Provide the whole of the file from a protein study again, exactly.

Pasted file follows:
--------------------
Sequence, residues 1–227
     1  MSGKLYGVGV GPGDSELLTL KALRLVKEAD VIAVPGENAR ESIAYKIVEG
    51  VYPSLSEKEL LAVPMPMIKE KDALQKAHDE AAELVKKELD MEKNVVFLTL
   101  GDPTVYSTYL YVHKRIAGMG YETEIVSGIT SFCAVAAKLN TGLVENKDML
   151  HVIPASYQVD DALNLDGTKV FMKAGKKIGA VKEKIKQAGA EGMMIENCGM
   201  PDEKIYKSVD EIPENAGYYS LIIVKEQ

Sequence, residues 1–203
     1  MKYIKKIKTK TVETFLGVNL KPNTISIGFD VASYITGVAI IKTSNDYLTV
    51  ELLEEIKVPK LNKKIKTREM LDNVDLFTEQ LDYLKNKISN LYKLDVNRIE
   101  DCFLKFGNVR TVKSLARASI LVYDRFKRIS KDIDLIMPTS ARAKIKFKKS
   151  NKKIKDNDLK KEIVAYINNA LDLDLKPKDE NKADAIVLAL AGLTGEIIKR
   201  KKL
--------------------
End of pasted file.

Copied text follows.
Sequence, residues 1–227
     1  MSGKLYGVGV GPGDSELLTL KALRLVKEAD VIAVPGENAR ESIAYKIVEG
    51  VYPSLSEKEL LAVPMPMIKE KDALQKAHDE AAELVKKELD MEKNVVFLTL
   101  GDPTVYSTYL YVHKRIAGMG YETEIVSGIT SFCAVAAKLN TGLVENKDML
   151  HVIPASYQVD DALNLDGTKV FMKAGKKIGA VKEKIKQAGA EGMMIENCGM
   201  PDEKIYKSVD EIPENAGYYS LIIVKEQ

Sequence, residues 1–203
     1  MKYIKKIKTK TVETFLGVNL KPNTISIGFD VASYITGVAI IKTSNDYLTV
    51  ELLEEIKVPK LNKKIKTREM LDNVDLFTEQ LDYLKNKISN LYKLDVNRIE
   101  DCFLKFGNVR TVKSLARASI LVYDRFKRIS KDIDLIMPTS ARAKIKFKKS
   151  NKKIKDNDLK KEIVAYINNA LDLDLKPKDE NKADAIVLAL AGLTGEIIKR
   201  KKL